We can also define a concept we shall call the knowledge pool. We define the knowledge pool as all leisure communications in a society associated with knowledge. For instance, when knowledge is spread word of mouth, we would say this morsel of knowledge is prevalent in the knowledge pool. Information in the knowledge pool can also be wrong, which would be bad for society. There are all sorts of mathematical models in existence that attempt to model how information is spread in a society. The more efficient the knowledge pool the more efficient society becomes. But we shall leave non training or educational interactions and nuances concerning the knowledge pool for another essay. Our purpose here is to try to describe how training and the knowledge pool interact.

We begin by making a distinction between the individual knowledge pool and the social knowledge pool. It will become clear that the social knowledge pool, which we alluded to in the previous paragraph, is simply the sum total of all the individual knowledge pools.

The individual knowledge pool we define as the sum total knowledge available for a specific individual. It is a hypothetical definition encompassing all the understanding at any given moment the given individual could obtain, and how much effort would be involved in obtaining any specific understanding. It becomes clear that for every individual we wish to maximize the obtainable desired information and minimize the effort it takes to obtain said information (among whom we count ourselves).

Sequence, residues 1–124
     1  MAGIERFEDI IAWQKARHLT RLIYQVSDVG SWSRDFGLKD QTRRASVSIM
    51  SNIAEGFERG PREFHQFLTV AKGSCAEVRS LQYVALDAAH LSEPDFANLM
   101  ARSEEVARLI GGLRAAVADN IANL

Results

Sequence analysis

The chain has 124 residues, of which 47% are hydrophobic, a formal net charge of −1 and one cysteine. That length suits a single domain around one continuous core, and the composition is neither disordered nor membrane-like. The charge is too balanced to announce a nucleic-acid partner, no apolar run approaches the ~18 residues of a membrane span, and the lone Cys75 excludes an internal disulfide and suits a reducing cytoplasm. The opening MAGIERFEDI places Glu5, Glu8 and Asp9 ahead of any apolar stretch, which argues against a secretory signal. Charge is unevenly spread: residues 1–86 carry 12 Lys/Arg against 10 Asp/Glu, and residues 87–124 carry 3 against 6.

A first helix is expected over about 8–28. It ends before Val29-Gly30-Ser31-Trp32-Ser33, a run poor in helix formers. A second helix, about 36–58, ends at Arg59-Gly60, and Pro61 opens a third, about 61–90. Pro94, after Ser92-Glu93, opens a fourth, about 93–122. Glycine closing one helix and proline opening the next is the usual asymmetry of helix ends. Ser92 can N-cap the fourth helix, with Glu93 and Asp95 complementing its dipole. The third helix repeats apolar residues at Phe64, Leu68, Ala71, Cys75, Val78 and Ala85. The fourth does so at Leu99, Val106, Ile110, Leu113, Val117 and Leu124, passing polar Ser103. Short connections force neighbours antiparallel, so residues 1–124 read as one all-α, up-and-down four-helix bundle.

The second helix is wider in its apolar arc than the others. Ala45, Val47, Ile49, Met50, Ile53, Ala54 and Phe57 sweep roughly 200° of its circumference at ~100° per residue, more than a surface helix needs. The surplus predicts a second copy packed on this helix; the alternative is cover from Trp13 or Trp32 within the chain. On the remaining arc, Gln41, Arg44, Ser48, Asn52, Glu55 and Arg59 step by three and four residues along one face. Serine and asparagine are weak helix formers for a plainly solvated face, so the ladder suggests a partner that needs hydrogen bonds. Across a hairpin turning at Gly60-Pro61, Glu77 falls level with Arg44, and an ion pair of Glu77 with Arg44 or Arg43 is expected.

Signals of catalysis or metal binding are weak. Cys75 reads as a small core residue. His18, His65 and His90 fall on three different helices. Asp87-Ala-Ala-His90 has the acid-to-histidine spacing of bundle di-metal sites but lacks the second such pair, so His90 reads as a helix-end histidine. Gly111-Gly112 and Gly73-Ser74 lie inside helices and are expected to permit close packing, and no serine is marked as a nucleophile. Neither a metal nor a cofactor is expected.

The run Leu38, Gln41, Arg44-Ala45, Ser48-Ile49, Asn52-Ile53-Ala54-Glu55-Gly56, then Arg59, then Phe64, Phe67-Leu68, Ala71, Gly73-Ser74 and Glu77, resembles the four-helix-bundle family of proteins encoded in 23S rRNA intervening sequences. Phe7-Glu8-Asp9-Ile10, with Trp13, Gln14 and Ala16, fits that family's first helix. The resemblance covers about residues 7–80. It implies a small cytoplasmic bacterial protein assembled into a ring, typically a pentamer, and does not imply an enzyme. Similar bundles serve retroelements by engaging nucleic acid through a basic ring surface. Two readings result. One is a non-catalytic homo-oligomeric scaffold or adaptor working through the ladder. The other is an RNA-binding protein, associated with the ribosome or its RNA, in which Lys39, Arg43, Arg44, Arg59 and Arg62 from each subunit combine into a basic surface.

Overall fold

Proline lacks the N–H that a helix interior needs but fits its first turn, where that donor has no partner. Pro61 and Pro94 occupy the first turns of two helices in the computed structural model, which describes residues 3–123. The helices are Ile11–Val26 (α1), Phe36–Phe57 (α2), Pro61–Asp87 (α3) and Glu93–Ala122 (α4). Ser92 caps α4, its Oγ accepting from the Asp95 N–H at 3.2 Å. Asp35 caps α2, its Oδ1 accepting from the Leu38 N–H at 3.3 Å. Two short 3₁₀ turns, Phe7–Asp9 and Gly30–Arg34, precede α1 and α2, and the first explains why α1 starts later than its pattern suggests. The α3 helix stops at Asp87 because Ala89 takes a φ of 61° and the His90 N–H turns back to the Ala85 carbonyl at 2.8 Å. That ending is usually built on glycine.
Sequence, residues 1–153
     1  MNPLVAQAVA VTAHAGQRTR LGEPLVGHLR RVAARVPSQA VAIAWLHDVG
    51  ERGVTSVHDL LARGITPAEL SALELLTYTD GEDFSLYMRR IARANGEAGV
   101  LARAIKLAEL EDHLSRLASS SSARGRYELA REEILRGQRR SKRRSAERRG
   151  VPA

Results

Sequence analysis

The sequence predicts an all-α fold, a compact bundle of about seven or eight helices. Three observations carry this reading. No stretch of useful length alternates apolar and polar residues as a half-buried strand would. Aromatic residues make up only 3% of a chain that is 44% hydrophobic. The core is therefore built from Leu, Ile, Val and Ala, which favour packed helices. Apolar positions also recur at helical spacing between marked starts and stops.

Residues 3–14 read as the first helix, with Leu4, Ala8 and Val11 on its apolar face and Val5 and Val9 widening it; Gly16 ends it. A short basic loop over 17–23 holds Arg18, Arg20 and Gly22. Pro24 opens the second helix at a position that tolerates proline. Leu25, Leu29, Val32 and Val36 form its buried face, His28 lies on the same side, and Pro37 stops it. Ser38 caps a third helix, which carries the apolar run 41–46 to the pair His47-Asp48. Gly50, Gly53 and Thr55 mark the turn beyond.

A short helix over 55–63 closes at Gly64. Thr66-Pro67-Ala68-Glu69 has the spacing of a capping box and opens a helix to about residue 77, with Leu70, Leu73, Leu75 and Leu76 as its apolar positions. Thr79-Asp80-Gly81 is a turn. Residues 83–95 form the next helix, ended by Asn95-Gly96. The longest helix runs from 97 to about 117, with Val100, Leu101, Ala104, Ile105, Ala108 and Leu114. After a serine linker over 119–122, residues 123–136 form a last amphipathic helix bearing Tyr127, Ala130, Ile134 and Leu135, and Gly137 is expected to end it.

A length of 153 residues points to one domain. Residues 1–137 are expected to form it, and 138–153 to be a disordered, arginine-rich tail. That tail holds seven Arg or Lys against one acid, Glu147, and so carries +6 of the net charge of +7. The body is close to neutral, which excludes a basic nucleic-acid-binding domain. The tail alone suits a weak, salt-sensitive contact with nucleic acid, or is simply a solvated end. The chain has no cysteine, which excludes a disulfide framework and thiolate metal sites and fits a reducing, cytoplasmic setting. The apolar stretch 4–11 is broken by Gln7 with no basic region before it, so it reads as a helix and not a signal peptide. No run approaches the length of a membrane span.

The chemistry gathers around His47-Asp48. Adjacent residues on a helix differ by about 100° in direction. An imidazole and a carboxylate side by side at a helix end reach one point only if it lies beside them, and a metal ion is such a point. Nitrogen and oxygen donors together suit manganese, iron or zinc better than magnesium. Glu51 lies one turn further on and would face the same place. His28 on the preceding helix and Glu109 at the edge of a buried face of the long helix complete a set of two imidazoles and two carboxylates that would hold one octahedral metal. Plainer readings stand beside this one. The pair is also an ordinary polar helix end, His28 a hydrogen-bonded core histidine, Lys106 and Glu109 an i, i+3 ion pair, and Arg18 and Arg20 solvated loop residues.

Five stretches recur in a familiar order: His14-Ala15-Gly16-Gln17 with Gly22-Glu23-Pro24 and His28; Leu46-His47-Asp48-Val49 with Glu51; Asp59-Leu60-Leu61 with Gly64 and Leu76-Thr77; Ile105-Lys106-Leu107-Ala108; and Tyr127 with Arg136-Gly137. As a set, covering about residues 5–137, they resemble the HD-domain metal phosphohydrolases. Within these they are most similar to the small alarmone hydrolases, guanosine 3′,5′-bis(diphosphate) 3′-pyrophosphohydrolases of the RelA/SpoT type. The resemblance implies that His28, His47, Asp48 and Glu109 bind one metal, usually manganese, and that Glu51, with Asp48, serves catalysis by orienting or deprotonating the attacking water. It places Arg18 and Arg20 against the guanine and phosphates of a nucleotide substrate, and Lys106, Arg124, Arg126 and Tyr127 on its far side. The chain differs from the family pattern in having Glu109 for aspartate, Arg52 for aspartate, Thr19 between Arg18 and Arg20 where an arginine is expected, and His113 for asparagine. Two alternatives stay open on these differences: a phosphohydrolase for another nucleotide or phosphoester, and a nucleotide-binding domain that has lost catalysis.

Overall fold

Thus, we would wish that “training†be equally distributed among society. What we mean by this is that every individual associates with a wide as possible cross section of the training spectrum; everyone knows to the lowest degree of separation possible every single type of trained person. Thus, a maximally complete understanding of society is circulated, as well as every specific problem, requiring information or interpretation, is resolved in the most expedient manner; politics would indeed flourish along with the expedient resolution of countless dilemmas (which would result in economic success).

The limitations of free market education now become clear.
With respects to our first critique of primary and secondary education it is clear that a free market education system yields a disproportionate amount of training effort into the wealthy, which yields only a slight increase in capabilities for this class of people and a far greater decrease in capabilities for the non wealthy: reducing the total capabilities for society. Furthermore, this leads to a total decrease in quality of students society can select for further training decreasing the capabilities of the higher educated.

For, with respects to second description on the allocation of training (which is best suited for discussing specific training), if who gets trained is based upon who can afford said training and not who best suited to be trained in any given thing. Lowering the total capabilities of society.